If a coach takes over at most programs, he would look at at seven-year run which produced 102 wins (under 15 a season, never more than 19) and an overall record under .500 and think he's in for a world of hurt.
Army, however, isn't most programs.
The backstory is a sad one -- the Black Knights don't have an NCAA tournament berth in their history -- but the future makes this job a very hopeful one for the man who is succeeding Zach Spiker as West Point's new head basketball coach.
At most programs, Spiker's body of work wouldn't elicit reactions of approval and admiration... but again, Army isn't most programs. Spiker has set the table for Allen, his assistant, to take the next step and lead West Point to college basketball's promised land.
Allen faces a significant challenge, but he's seen this program grow. He's seen young players evolve to the point that they became much more able to win on the road in this just-completed 2015-2016 season. He's seen how a talented coach (now in Philadelphia with Drexel) wrestled with the weight of history and came to terms with the NCAA tournament beast which has overshadowed Army basketball in a way only four other schools -- The Citadel, Saint Francis-Brooklyn, William & Mary, and Northwestern -- can fully understand.
Jimmy Allen can take all of his experiences at Zach Spiker's side, add them to his own experiences as the son of a West Point graduate (his father graduated from the academy in 1967), and carve out a new path for Army hoops. The decision by athletic director Boo Corrigan to stay in house was wise on its face; elevating Allen made more sense than other alternatives which might have existed.
In order to emphasize the point that hiring a Spiker assistant was the right choice for the program, it's necessary to underline -- in bright red ink -- the history of Army basketball in a way which magnifies Spiker's place in college basketball.
Two former Army basketball coaches -- you might have heard of them in your life -- are all-time greats, the largest giants of the sport. They're not merely Hall of Famers at the back end of the Hall of Fame; they're the kinds of coaches who busted through the front door and have a front-row seat in the club, forever and ever.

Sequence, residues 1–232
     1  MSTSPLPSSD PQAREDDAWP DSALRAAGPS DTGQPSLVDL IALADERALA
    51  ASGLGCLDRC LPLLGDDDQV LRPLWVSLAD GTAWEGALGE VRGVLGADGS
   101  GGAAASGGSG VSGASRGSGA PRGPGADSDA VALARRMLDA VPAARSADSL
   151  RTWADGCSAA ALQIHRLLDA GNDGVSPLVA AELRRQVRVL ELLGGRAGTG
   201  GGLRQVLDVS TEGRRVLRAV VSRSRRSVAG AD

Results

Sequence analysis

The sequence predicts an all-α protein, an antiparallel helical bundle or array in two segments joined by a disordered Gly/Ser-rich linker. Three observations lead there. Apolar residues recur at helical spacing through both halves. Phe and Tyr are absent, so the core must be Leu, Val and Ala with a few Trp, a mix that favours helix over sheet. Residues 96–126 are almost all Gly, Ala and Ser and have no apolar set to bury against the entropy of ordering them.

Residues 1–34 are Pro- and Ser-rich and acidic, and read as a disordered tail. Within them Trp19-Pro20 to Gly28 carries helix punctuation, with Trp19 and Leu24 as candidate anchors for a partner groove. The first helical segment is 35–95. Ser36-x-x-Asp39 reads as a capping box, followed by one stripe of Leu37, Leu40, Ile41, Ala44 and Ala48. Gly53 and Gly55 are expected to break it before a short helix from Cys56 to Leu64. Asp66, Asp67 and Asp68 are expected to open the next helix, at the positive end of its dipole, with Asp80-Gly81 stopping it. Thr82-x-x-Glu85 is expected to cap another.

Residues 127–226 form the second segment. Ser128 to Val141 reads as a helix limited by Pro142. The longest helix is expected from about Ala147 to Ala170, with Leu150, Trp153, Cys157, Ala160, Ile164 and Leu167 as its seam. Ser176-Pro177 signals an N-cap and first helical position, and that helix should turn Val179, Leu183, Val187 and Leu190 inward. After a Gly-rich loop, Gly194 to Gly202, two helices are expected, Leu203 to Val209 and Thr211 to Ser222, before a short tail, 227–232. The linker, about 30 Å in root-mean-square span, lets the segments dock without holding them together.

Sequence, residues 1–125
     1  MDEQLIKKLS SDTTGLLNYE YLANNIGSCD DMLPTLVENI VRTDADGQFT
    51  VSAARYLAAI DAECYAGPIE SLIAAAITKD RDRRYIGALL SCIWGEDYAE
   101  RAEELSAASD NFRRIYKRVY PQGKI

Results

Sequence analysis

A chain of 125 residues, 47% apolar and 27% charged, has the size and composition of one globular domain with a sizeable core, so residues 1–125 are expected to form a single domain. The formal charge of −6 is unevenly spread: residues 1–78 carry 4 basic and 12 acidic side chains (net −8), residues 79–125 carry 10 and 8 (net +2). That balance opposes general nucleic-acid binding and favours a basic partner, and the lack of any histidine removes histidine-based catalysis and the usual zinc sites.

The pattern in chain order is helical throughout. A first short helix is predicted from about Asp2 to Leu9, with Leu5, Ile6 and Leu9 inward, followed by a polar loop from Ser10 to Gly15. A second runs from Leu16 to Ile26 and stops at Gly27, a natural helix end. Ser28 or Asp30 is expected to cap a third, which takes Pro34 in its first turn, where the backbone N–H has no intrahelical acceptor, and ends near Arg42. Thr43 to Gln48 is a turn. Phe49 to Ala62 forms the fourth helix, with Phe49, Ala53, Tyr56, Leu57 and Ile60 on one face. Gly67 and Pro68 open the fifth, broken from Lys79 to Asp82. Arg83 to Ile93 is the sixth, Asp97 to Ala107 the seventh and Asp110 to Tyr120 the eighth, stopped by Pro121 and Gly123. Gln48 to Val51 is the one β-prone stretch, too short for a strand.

Only five men have ever won at least three college basketball national championships. Bob Knight and Mike Krzyzewski are two of them, and they learned how to coach at West Point before soaring to unfathomable heights at Indiana and Duke. Zach Spiker, only 39, might not become anything close to what those two predecessors became, but the point is clear: Knight and K never made the NCAA tournament at Army, and that didn't exactly hurt their careers. More precisely, what they achieved at Army reflected the presence and application of great skill and craftsmanship. One should expect Spiker to make the NCAAs at Drexel, and if he does so often enough, he'll land a bigger job before 2025, giving him a chance at a Cadillac program before he's done.
Again, Spiker went 0 for 7 in terms of leading Army to the NCAAs on a season-by-season basis on the banks of the Hudson. In most situations, this was and is a poor track record... but you know the refrain being repeated here.
Spiker did good work. Therefore, it's not just right that a Spiker assistant gets a chance to carry Army forward; it's fair as well.
Jimmy Allen said at his introductory press conference that West Point is part of his DNA. Now, he gets a chance to expunge one strain of DNA from Army history: the part which says the Black Knights will never put on their Dancing shoes.
It will be compelling to see if the new coach can Jimmy the lock that's been placed on March Madness in West Point. Here's hoping he gets through the door.